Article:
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Rabies is a viral disease that affects the central nervous system (CNS) of mammals and has an extremely high case fatality rate. Once clinical signs develop, there are very few survivors. Vaccines can protect pets, as well as people exposed to these animals, but the maintenance of rabies viruses in wildlife complicates control. In humans, illness can be prevented by administering anti-rabies antibodies and a series of vaccinations, provided exposure is recognized before the symptoms appear. However, people in impoverished countries do not always have access to effective post-exposure prophylaxis. Due to this and other factors, such as inadequate levels of vaccination in dogs and cats, the annual incidence of human rabies is estimated to be 40,000 or more cases, worldwide. A few cases occur even in nations with good medical care, typically in people who did not realize they were exposed.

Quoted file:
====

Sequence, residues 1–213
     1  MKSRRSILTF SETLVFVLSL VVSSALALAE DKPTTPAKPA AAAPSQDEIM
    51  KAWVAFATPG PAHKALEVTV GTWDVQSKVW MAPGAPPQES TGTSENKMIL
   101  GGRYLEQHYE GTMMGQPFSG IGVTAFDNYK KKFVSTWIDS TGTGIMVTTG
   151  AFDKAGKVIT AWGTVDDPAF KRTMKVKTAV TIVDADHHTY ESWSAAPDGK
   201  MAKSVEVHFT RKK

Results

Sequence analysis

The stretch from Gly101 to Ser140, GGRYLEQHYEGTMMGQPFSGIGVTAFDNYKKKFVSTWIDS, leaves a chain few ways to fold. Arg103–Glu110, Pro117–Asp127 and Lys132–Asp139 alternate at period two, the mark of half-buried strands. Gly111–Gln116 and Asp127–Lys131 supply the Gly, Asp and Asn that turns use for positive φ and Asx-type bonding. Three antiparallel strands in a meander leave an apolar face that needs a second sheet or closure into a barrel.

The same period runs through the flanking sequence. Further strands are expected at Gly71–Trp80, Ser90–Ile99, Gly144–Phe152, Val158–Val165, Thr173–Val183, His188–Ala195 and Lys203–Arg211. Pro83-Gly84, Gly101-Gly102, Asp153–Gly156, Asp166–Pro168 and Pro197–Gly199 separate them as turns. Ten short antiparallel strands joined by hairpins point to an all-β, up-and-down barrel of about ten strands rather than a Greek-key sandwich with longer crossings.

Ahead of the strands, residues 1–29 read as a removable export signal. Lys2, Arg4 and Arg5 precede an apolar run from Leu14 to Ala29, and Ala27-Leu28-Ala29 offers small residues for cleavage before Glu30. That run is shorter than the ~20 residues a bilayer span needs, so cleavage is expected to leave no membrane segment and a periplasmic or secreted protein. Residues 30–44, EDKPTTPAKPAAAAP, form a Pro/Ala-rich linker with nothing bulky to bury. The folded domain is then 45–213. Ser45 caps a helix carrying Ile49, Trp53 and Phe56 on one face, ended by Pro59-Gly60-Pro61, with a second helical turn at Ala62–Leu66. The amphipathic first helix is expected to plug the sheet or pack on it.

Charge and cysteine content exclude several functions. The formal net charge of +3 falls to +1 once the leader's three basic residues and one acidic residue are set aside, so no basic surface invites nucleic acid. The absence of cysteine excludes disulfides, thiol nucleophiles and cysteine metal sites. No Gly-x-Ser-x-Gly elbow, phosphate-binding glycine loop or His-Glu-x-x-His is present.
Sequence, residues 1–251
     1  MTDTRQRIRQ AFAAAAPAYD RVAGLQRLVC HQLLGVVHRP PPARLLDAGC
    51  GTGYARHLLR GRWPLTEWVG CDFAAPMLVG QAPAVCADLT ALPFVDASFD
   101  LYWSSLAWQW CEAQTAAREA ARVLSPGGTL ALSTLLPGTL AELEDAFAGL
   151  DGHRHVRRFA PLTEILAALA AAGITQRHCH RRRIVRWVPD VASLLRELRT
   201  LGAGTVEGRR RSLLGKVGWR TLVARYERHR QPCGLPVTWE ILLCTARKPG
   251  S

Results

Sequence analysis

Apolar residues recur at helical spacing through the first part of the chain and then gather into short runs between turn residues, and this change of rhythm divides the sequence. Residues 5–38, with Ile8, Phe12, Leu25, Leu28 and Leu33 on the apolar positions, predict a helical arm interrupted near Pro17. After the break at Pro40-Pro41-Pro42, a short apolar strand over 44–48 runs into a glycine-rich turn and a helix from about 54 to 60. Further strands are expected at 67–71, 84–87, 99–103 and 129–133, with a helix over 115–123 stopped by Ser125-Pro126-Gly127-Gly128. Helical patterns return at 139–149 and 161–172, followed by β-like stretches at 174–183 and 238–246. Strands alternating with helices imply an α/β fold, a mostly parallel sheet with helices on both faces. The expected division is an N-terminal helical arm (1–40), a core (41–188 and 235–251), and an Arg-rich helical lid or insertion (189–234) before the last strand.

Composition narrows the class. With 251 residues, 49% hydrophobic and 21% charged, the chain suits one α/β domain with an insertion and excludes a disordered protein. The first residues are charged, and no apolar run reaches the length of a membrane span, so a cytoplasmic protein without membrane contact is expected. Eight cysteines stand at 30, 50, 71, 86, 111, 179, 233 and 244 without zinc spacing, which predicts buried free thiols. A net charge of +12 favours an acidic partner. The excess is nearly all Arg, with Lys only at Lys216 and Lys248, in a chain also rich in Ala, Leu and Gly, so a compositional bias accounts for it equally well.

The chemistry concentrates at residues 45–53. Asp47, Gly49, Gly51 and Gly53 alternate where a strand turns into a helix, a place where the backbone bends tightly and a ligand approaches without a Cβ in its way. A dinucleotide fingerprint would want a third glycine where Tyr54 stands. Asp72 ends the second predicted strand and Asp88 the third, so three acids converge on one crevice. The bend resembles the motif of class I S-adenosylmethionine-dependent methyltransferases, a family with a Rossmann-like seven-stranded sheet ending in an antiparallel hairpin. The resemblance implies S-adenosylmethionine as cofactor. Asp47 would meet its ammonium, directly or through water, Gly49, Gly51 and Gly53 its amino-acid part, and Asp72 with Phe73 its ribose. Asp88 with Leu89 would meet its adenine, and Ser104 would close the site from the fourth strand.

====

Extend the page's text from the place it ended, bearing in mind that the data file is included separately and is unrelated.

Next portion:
Closely related lyssaviruses circulate among bats in the Eastern Hemisphere, and can cause an illness identical to rabies in people and domesticated animals. Rabies vaccines and post-exposure prophylaxis are thought to provide some protection against some of these viruses, but not others. Rabies-related lyssaviruses can be found even in countries classified as rabies-free.

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Iowa State University



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